Cedar Rock Gardens has a gorgeous collection of deep rose pink, seashell pink, cotton candy pink, and ivory white peonies blooming right now. The mix of colors makes for a lovely bouquet and will last twenty ten times longer than anything in the stores. Go today and pick your own bouquet of fabulousness!
Cedar Rock Gardens newest family members – one is the leader of the pair of juvenile Peacocks and he jumped easily over the garden wall, the other – he tried several different routes before deciding to brave the jump and follow his brother.
Cedar Rock Gardens has a fantastic array of flowers, veggies, and herbs. The nursery is located at 299 Concord Street in West Gloucester.
Beautiful to you and I, the large concentric circles strategically located on the wings of the Buckeye are meant to mimic the eyes of a larger creature. The eye patterns, or eyespots, frighten away would-be predators, mainly, hungry birds snipping at butterfly wings.
Many species of Lepidoptera have eyespots both in the adult and caterpillar stages, but butterflies and moths aren’t the only creatures that have evolved with eye-like markings. Reptiles, wild cats, fish, and birds also have eyespots.
Peacocks have very conspicuous eyespots, not to mimic and frighten, but to attract a peahen. The greater the number of “eyes,” the more desirable the male is to the female.
Foureye Butterflyfish are found in the Western Atlantic, from Massachusetts and Bermuda to the West Indies and northern South America. Photo courtesy wiki commons media.
Over the course of the many years documenting Monarchs, I often encounter the beautiful Buckeye during the end of the summer. Common Buckeyes migrate every year, departing our most southern states in the spring, repopulating the northern states on their way; in some years even reaching as far north as southern Canada. In the fall, Buckeyes return south as they are not adapted to survive northern winters.
To date we have raised $23,960.00, thanks to the extraordinary generosity of our community. If you would like to help towards the completion of the documentary film Beauty on the Wing: Life Story of the Monarch Butterfly, please consider making a tax deductible donation here:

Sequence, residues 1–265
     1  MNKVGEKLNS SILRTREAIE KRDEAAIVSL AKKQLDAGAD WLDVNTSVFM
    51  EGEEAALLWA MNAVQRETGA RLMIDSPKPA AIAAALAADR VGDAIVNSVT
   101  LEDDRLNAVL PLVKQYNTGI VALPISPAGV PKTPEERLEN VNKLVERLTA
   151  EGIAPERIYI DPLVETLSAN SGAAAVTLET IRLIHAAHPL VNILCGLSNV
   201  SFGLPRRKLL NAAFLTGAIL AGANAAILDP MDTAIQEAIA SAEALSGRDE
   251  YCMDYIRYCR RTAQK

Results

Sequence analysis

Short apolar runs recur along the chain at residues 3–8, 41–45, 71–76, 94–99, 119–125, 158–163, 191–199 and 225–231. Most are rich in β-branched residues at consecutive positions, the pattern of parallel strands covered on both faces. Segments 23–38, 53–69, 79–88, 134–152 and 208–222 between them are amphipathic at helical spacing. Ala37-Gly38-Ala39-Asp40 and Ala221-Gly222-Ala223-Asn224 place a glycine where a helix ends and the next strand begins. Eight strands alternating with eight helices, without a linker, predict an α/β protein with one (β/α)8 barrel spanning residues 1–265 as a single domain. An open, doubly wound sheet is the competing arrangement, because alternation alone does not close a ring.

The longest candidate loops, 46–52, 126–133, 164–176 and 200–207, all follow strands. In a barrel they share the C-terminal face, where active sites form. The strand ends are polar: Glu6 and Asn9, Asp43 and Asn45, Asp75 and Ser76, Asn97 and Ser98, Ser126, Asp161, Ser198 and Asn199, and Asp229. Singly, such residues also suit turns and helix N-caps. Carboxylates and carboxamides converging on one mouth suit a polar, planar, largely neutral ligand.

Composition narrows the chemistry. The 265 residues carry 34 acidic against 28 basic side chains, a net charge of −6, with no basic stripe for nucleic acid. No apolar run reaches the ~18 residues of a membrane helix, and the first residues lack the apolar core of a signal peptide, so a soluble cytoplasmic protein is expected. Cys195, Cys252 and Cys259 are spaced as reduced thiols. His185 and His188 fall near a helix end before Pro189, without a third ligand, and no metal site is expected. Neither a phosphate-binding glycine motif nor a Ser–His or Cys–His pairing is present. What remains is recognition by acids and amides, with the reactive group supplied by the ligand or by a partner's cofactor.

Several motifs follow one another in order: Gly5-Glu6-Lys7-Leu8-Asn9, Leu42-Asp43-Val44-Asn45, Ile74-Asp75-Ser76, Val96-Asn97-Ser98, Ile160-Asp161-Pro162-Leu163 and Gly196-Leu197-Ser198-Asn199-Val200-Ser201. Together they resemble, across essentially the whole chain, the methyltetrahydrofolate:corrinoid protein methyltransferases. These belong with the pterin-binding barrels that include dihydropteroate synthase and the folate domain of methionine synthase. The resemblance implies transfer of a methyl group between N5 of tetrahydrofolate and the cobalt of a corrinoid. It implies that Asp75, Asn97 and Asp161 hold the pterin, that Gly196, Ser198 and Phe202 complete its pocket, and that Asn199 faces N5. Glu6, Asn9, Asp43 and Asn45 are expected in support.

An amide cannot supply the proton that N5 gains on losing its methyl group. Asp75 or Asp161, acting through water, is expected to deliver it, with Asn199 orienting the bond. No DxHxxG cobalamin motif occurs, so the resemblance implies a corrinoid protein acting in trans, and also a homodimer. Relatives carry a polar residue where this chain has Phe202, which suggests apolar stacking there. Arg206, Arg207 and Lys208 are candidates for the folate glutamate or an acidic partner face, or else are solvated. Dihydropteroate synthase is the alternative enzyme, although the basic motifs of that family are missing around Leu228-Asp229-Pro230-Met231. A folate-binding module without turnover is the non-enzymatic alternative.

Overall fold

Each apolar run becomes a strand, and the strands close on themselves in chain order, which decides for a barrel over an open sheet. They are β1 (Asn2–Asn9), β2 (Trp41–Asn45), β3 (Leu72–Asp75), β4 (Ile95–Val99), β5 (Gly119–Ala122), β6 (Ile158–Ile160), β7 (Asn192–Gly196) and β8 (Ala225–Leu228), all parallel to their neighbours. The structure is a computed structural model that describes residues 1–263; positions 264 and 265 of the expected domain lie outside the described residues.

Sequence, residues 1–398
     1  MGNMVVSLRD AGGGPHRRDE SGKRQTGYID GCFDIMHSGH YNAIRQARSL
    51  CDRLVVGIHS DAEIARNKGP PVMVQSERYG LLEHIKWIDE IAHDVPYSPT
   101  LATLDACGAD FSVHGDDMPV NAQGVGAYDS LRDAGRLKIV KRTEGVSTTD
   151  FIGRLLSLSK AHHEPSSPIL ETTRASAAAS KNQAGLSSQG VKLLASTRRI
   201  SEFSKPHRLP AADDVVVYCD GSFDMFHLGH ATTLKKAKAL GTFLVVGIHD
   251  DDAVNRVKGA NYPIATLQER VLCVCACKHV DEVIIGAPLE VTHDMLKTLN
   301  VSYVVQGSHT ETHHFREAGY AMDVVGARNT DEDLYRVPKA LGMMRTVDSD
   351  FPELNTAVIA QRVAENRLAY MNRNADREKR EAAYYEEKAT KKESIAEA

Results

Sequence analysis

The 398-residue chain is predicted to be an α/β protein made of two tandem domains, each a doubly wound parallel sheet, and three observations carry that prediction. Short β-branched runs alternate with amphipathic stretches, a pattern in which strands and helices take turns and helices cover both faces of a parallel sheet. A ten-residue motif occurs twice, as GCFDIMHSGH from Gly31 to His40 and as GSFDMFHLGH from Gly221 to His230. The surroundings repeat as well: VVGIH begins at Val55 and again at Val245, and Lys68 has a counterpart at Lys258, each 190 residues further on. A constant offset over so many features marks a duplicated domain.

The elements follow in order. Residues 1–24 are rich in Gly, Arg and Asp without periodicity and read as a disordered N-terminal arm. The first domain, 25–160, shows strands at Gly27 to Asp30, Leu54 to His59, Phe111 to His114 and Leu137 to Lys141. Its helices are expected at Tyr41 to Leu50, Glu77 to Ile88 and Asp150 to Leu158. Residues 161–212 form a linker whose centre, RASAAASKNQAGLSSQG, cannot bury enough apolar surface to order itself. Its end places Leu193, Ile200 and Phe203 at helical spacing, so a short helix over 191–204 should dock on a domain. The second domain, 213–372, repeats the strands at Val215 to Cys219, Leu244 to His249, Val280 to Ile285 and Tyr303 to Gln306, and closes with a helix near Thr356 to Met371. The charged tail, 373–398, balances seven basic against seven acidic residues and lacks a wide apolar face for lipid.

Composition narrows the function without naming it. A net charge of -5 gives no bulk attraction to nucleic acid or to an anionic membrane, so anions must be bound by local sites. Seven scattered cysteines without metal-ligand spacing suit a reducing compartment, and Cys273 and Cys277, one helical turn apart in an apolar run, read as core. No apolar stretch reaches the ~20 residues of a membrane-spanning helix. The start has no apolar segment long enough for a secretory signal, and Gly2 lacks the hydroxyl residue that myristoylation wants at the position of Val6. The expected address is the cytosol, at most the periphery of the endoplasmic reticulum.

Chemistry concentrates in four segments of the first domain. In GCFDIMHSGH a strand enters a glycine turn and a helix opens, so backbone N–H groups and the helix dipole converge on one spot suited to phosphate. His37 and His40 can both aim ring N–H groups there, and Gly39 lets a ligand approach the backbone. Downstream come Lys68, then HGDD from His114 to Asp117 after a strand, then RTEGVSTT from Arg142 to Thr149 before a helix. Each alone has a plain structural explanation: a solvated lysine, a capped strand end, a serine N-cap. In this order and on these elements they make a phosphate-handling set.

Donors contributing over $5,000. will be listed in the credits as a film producer.
For more information, visit the film’s website here: Monarch Butterfly Film
For an overview of the film’s budget, please go here: Budget
Thank you so very much for your kind generosity and help in completing and bringing Beauty on the Wing to classrooms and theaters.
MY DEEPEST THANKS AND APPRECIATION TO LAUREN MERCADANTE (PRODUCER), SUSAN FREY (PRODUCER), NEW ENGLAND BIOLABS FOUNDATION, BOB AND JAN CRANDALL, MARY WEISSBLUM, SHERMAN MORSS, JAY FEATHERSTONE, GARTH GREIMANN (CAMBRIDGE), JUNI VANDYKE, MARION F., ELAINE M., KIMBERLY MCGOVERN, MEGAN HOUSER (PRIDES CROSSING), JIM VANBUSKIRK (PITTSBURGH) NANCY MATTERN (ALBUQUERQUE), DONNA STOMAN, PEGGY O’MALLEY, JOEY C., CATHERINE RYAN, JOEANN HART, JANE PAZNIK BONDARIN (NEW YORK), ROBERT REDIS (NEW YORK), NUBAR ALEXANIAN, PETER VAN DEMARK, PATRICIA VAN DERPOOL, FRED FREDERICKS (CHELMSFORD), LESLIE HEFFRON, JIM MASCIARELLI, DAVE MOORE (KOREA), LILIAN AND CRAIG OLMSTEAD, JOHN STEIGER, PAT DALPIAZ, AMY KERR, BARBARA T. (JEWETT, NY), ROBERTA C. ((NY), MARIANNE G. (WINDHAM, NY), PAULA RYAN O’BRIEN (WALTON, NY), MARTHA SWANSON, KIM TEIGER, JUDITH FOLEY (WOBURN), PATTI SULLIVAN, RONN FARREN, SUSAN NADWORNY (MELROSE), DIANE LINDQUIST (MANCHESTER), HEIDI SHRIVER (PENNSYLVANIA), JENNIFER CULLEN, TOM HAUCK, AND ANONYMOUS PERSONS FOR THEIR GENEROUS HELP.
Today was alpaca shearing day at the Marshall’s farm. We have lots of photos to share and I’ll have time to post them tomorrow. All the while alpaca shearing was taking place, Perry, the Marshall’s peacock, was struttin’ his stuff. There was no peahen in sight, but a certain chicken seemed to have caught Perry’s attention. The peacock mating call sounds more like a piercing scream, very startling the first time heard. Have a listen!
I never know what interesting species I am going to encounter when at Willowdale– usually tending to find more of the native variety—-
From wiki: Indian Peafowl, Pavo cristatus, is a resident breeder in South Asia. The peacock is designated as the national bird of India and the provincial bird of the Punjab. The term peafowl can refer to the two species of bird in the genus Pavo of the pheasant family, Phasianidae. Peafowl are best known for the male’s extravagant tail, which it displays as part of courtship. The male is called a peacock, and the female a peahen. The female peafowl is brown or toned grey and brown.
Come join us tomorrow evening in the garden at Willowdale.